“The mass of men lead lives of quiet desperation,” wrote Henry David Thoreau while sitting on the edge of Walden Pond.
We live in a post-9/11 world where income disparity threatens the pillars of well-being in democratic nations. Kings of the oligarchy are viewed as pallbearers to the American dream.* Lost hope, anxiety, and absence of discernment fuel the flames of desperation. But exposure to the world doesn’t mean we need to become like the world. Instead, we can find peace in sanctuary.
A writer and philosopher, Thoreau lived self-sufficiently in a cabin he built himself — what we now refer to as “off the grid.” He wanted to see if it was possible to break the chains of desperation by choosing to live a simple, unencumbered life. Thoreau paid homage to the existential mystics and philosophers before him who found the true self only through the death of the ego. Letting go of old ways is not easy, but the rebirth process can be enveloped and nurtured in a healthy sanctuary.
Sacred healing places are part of the human experience. These sanctuaries exist all over the world and are utilized by a variety of cultures. Thoreau might argue against my calling Walden Pond a sanctuary, but the reverence he held for the place and the support it offered during his metaphysical journal fits my concept of a sanctuary.
You don’t have to don a bearskin while running to the outhouse on a frosty morning to enjoy the benefits of a sanctuary. The beauty and sacredness of sanctuary can be created almost anywhere if we think of it as a special place of reverence, where we find rejuvenation. First, we must set aside time throughout the day to embrace our sanctuary. Then, we can gradually eliminate the worldly toxins that creep into our lives, replacing them with beauty that inspires an internal shift toward well-being.
Sanctuary has always had its roots in the natural world, like a garden or a park (the “N” in the CHRONDI Creed). But sanctuary is also found in the mind, soul, and heart. My sanctuary is a holistic healing space that helps me manage pain and the “off” periods that come with Parkinson’s, as well as mitigate the negative effects of a bad day.
Most importantly, sanctuary is a safe place in which to let go of life’s stresses. You don’t need to be an ascetic — someone who gives up worldly pleasures – to embrace moments of well-being within a sanctuary. It is more about letting go of our attachment to things, as attachments constrain our freedom and limit our access to the full benefits of sanctuary.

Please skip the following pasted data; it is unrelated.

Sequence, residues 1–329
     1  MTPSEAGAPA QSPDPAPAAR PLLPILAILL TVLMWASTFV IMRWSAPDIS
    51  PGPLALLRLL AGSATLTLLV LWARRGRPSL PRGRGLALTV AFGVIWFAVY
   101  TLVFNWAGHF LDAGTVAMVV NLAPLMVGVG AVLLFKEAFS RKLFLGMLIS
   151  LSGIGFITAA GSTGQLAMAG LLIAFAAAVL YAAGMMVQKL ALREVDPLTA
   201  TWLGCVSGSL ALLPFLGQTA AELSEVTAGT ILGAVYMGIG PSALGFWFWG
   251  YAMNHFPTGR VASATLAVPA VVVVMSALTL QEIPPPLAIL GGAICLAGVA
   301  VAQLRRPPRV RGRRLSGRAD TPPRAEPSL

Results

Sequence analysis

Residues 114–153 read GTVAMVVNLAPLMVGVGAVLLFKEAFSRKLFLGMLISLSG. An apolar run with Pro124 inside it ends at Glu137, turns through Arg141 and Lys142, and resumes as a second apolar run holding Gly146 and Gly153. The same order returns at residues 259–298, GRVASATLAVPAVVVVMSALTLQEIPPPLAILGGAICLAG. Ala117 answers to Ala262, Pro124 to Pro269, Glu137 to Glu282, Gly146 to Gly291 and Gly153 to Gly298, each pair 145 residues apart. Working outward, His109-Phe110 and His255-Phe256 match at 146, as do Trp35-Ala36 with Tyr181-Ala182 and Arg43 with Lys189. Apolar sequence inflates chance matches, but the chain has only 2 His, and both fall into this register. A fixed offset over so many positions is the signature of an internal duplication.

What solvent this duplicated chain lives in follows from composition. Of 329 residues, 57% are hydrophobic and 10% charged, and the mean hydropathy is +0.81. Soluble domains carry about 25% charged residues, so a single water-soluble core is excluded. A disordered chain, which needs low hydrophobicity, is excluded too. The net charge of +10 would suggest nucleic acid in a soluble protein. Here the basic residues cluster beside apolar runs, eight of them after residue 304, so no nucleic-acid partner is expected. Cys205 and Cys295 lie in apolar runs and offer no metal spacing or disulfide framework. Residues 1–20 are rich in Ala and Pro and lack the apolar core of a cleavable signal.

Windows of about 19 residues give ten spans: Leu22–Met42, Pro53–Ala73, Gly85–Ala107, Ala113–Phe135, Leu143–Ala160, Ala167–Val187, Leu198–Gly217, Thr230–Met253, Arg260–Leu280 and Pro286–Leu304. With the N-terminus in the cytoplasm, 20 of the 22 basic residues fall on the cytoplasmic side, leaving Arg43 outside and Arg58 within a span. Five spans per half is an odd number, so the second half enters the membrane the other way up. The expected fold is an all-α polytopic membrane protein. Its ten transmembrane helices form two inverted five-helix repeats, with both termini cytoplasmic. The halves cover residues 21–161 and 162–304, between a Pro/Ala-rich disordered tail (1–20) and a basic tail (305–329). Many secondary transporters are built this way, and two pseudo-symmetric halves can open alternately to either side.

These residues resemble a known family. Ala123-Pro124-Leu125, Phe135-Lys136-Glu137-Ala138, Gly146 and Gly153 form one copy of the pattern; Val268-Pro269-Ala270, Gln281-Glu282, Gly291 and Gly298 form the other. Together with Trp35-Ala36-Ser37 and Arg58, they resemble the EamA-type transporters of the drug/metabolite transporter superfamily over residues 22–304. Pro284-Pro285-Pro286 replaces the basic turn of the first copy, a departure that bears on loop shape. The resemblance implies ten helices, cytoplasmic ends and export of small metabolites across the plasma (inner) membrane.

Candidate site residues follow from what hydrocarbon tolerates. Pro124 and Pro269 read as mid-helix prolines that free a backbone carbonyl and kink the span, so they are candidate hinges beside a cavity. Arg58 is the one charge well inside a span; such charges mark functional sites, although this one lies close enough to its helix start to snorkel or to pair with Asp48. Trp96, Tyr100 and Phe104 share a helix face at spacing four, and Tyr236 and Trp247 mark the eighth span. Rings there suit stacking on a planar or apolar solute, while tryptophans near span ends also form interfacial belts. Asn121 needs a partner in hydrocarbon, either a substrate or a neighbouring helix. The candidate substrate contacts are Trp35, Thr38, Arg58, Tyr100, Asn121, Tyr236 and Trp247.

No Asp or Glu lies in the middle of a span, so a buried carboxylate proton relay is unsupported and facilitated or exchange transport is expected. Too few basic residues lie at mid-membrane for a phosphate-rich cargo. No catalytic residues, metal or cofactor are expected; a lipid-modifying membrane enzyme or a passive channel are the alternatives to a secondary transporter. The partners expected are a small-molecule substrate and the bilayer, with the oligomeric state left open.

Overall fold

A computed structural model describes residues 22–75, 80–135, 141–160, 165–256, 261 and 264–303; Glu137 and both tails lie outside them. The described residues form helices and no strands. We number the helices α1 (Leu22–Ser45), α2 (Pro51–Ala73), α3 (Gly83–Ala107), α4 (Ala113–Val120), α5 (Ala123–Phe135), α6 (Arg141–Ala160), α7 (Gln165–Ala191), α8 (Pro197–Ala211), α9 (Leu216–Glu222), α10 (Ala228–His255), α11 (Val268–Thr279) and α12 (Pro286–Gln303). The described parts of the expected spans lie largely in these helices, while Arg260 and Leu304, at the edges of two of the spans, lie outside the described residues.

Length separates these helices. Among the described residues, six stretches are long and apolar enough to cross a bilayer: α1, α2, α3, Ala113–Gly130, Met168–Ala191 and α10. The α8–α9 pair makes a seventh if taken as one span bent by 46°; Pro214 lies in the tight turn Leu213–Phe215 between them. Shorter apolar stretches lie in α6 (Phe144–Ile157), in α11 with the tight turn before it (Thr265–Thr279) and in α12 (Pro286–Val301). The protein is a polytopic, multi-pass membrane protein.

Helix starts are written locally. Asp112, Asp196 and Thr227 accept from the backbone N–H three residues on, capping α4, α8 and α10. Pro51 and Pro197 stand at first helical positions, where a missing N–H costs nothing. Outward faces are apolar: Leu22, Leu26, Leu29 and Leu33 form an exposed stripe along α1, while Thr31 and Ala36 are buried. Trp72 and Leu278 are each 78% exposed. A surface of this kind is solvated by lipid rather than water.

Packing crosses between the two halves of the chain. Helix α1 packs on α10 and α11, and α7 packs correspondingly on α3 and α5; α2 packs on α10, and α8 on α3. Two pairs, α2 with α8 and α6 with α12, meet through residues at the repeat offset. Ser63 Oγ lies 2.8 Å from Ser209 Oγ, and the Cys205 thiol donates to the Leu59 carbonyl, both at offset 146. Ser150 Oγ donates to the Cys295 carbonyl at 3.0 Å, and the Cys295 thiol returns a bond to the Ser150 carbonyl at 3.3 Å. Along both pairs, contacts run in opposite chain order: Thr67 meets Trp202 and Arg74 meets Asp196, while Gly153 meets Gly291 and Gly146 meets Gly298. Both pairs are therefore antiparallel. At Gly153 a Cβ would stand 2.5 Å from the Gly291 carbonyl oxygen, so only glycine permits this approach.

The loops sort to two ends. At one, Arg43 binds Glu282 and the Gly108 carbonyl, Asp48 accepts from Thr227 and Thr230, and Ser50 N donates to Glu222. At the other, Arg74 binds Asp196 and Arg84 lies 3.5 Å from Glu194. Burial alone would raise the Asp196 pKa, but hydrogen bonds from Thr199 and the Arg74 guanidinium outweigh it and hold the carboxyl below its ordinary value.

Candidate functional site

The question I ask myself is, “Would you walk away from all that you own to better understand the voice crying in the wilderness?” Twice in my life, I have done exactly that. It was not an easy decision for my family, as there were moments of voluntary poverty, but it is not the poverty that brings the radiance of sanctuary into view. It is the ability to let go.
In my research on advanced empathy, I described a series of experiences that are common to the healer (practitioner) and the patient (participant) when sharing a facilitated well-being moment. They are:
- Agreement: The practitioner and participant reach a mutual agreement regarding the purpose of the relationship.
- Resistance: There is always resistance to sitting in a sacred space to experience well-being. This resistance can be explored if the sanctuary is seen as safe, and there is trust in the possibility of well-being as an outcome.
- Letting go: Catharsis is facilitated.
- Well-being: Moments of well-being are experienced.
- Meaning: Both participants derive meaning from the experience.
All five of these experiences are enhanced when the participant and the practitioner are surrounded by and have embraced the sacredness of sanctuary. In the same way, our individual journey of wellness mapmaking is enhanced by sanctuary. It starts with an agreement on defining your personal sanctuary, your relationship to it, and how to use it.
The next few columns will explore how to use sanctuary. For now, share with our readers a description of your sanctuary.
*The baby boomer generation has been asked, “Do you think your children will have a better life than you?” Only a minority answer in the affirmative.
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